“Even though we all dig each other’s work, there is a level of competitiveness in the aspect of when you see someone else’s work, you want to take your work to another level. Their work inspires you to go above and beyond and try new things.”
Me: That’s cool though. I don’t actually have an art degree myself and I haven’t taken any formal classes so I was just wondering. You know how some people tend to look down on getting an art degree.
Jamaul: A lot of people who told me that there’s no money in it were older people who, in their generation it was hard for them because they didn’t have access to a lot of information like you do now. A lot of these young black artists have websites. You can just go on social media, see and buy artwork. There’s many ways for people to get their artwork out there now. You see people making t-shirts, hats, shoes, jackets, and hoodies. They have that mindset where they’re thinking, “I’m going to try to monetize my craft as much as I can with my work.” I’ve done t-shirt designs for people and gotten paid for them. I’ve done like three mixtape covers for rappers too. There’s so many more ways to capitalize your work because information is just running rampant now.
“There’s so many more ways to capitalize your work because information is just running rampant now.”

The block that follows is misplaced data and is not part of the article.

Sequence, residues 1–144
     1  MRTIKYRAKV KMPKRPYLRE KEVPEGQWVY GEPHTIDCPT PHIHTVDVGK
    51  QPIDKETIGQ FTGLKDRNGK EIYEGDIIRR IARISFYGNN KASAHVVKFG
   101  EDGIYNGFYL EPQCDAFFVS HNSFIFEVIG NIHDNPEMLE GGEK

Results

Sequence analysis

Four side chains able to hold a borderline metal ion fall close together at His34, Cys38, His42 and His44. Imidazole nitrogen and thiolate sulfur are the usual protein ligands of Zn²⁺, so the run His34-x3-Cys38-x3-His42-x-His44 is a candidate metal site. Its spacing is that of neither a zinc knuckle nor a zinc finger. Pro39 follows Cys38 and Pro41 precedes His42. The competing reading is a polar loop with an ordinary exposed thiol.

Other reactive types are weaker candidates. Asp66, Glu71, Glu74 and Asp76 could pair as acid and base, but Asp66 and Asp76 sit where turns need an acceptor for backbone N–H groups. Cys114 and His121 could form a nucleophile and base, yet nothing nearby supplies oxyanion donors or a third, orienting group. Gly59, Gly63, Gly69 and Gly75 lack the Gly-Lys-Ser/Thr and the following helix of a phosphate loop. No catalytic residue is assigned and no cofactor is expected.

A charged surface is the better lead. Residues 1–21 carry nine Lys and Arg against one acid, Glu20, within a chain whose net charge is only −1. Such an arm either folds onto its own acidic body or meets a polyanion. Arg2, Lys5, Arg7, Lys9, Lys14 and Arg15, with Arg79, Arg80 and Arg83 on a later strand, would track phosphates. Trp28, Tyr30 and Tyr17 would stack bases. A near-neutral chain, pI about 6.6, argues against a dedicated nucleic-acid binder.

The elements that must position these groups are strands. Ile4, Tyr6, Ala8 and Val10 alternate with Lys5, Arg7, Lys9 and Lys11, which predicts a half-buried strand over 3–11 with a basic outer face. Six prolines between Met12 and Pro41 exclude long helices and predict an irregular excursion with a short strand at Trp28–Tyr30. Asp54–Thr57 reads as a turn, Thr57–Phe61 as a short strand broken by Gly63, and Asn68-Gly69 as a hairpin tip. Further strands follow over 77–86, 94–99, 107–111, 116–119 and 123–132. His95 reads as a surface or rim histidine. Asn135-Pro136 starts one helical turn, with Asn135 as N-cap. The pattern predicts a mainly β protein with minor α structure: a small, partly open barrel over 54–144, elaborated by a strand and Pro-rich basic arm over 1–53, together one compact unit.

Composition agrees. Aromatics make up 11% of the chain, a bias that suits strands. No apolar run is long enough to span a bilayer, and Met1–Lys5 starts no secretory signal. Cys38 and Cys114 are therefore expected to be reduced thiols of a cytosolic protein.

Me: That’s phenomenal man, much respect.
Jamaul: One of my favorite battle rappers even messaged me once and bought a few prints from me. And this was crazy to me because I watched him on YouTube battle people and mess up people’s careers and he actually wanted work from me.
Me: Wow, that’s really cool.
Jamaul: Yea, and my dad had a little concern about me being an artist but he’s starting to come around now. He sees that I’m good and I’ve been showing him how I can get money off of this. So, he’s actually proud of me now.
Me: That’s good man. The fact that you are monetizing and figuring out a variety of ways to get more opportunities for yourself with your art is great. Big ups for that!
Jamaul: Thanks, appreciate it!
Me: No prob, I’m still working on my craft to get it to another level.
Jamaul: You’ll get there man, you just have to keep practicing. Utilize YouTube to learn how to make certain effects. You can always go to certain tutorials to learn how to do certain things. Some of these top black artists actually do tutorials on YouTube to show you how they do their work. People like Markus Prime or actionhankbeard actually show you how they draw certain things. Sometimes they do it on their IG profiles with descriptions on how to do it.
“Some of these top black artists actually do tutorials on YouTube to show you how they do their work.”
Me: That’s a good tip. I’ve been on YouTube before to learn how to make certain effects and things like that but I haven’t actually looked up how top black artists like Markus Prime and actionhankbeard do their different styles.